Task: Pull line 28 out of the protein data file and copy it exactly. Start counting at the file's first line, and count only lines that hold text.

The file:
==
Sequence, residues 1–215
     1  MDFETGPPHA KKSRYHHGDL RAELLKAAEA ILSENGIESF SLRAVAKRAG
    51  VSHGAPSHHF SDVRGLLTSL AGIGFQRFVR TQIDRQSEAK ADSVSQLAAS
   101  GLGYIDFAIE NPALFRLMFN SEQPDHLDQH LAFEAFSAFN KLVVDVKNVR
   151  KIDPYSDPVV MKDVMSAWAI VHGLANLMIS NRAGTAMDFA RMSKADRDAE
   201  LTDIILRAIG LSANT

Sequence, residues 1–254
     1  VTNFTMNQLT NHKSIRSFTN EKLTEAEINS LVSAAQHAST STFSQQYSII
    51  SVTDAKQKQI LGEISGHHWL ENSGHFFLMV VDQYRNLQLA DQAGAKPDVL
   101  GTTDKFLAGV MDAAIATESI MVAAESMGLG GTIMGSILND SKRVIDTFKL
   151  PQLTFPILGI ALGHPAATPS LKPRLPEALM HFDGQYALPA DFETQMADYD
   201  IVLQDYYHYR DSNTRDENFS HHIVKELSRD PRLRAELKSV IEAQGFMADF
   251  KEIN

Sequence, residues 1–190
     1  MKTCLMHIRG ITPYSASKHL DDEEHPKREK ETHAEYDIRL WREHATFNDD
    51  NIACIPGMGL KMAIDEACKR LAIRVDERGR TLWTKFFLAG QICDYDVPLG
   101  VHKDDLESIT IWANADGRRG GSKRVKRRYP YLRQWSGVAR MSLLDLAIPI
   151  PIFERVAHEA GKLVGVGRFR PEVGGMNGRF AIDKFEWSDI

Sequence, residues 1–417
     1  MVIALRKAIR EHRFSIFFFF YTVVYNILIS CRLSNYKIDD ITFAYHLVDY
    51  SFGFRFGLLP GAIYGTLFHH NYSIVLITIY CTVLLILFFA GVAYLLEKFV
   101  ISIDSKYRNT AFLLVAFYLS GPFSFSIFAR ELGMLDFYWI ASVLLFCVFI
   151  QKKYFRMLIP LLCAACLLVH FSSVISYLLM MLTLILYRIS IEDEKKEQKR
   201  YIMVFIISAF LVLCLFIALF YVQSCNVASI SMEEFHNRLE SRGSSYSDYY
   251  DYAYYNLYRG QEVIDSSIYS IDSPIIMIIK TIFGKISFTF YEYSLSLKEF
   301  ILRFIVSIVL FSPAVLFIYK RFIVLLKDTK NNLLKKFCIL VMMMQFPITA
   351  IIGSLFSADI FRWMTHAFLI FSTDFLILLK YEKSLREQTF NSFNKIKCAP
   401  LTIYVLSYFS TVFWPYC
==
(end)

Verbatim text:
   401  LTIYVLSYFS TVFWPYC